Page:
February 4, 2009

HARRISONBURG—One of the world’s leading authorities on African politics and conflicts will inaugurate the 2009 Guardian Lecture Series, sponsored by the Nelson Institute for International and Public Affairs at James Madison University.

Dr. Gérard Prunier, research professor at the University of Paris and director of the French Centre for African Studies in Addis Ababa, Ethiopia, will speak on “Can This War Ever End? The Congo and the Great Lakes (1996-2008)” on Wednesday, February 18, 2009, at 7:00 p.m. in ISAT 159. The event, which is free and open to the public, will be the first public lecture Dr. Prunier has given in the United States since the publication last month by Oxford University Press of his 600-page Africa’s World War: Congo, the Rwandan Genocide, and the Making of a Continental Catastrophe .

A trained historian with a doctorate in African history from the University of Paris as well as graduate training at Harvard University, Dr. Prunier has been studying African politics and conflicts for nearly four decades. His Rwanda Crisis: History of a Genocide (Columbia University Press, 1995) was the first English-language analysis of that tragedy and set the framework for most the subsequent literature, while Darfur: A 21 st Century Genocide (Columbia University Press, 2005) is now in its third edition, having been hailed by Foreign Affairs as “the best available account of the Darfur crisis.” His most recent book on the Congo conflict has likewise already been acclaimed by reviewers in major newspapers, including the Economist, the Financial Times, and the Sunday Times, As R.W. Johnson noted in his review for the latter, “ Prunier, who has spent his life studying African conflicts, is able to call on every academic discipline required to comprehend this gigantic disaster, but also because he was an eyewitness to much of it himself, and frequently has telling details to offer about the behavior and motivation of key individuals.”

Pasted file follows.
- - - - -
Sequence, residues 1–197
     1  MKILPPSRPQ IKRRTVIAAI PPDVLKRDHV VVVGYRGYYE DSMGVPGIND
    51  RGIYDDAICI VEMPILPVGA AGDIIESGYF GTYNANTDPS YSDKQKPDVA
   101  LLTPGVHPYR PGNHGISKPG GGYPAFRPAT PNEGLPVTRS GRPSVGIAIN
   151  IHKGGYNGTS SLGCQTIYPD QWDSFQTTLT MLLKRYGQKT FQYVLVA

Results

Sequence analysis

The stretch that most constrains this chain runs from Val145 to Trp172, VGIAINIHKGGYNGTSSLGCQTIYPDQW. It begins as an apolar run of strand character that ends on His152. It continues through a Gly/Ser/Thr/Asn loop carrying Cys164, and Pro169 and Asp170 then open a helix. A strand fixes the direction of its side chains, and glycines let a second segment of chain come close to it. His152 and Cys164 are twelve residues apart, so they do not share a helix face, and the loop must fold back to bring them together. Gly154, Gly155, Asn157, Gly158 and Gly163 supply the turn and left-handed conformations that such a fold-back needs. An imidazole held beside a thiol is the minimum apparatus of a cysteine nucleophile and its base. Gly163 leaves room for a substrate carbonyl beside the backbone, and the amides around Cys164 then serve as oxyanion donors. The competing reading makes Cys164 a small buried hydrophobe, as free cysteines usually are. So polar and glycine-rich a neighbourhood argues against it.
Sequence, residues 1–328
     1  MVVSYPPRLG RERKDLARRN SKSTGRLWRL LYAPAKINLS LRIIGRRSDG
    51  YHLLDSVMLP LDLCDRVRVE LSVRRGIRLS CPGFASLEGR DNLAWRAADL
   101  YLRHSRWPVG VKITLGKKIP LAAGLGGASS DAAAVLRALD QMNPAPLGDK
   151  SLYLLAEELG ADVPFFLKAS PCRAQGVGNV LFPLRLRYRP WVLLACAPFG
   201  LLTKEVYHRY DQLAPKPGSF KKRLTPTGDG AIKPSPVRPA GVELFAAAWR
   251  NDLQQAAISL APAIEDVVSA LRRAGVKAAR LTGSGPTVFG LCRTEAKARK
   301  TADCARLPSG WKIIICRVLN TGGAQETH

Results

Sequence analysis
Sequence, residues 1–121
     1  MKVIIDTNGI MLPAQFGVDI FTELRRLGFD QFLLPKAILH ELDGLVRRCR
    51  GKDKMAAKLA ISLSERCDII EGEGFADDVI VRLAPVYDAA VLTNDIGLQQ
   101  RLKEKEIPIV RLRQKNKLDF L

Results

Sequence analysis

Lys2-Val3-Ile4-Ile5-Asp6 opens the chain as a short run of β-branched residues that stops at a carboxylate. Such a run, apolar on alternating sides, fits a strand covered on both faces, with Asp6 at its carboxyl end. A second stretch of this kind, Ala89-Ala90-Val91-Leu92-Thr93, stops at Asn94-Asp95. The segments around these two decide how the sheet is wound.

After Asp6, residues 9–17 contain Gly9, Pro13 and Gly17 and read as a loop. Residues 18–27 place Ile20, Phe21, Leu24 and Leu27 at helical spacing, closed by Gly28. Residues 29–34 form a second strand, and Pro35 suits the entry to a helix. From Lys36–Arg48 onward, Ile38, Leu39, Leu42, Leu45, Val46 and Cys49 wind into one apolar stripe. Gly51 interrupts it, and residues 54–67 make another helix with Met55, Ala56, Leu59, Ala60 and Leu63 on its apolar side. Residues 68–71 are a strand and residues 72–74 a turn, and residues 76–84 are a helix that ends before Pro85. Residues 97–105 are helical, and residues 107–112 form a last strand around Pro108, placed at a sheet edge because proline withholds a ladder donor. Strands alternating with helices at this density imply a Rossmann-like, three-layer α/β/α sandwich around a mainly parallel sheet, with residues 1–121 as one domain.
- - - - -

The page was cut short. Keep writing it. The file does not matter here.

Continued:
In addition to the public presentation, Dr. Prunier will also lead a roundtable discussion for JMU faculty earlier in the day.

Named after James Madison’s famous observation to his friend George Thompson that “the advancement and diffusion of knowledge is the only guardian of true liberty” (Letter, June 30, 1825), the Guardian Lecture Series will bring scholars and practitioners distinguished in the Nelson Institute’s four principal areas of interest—terrorism and national security, Africa, religion and global politics, and international ethics and justice—to James Madison University.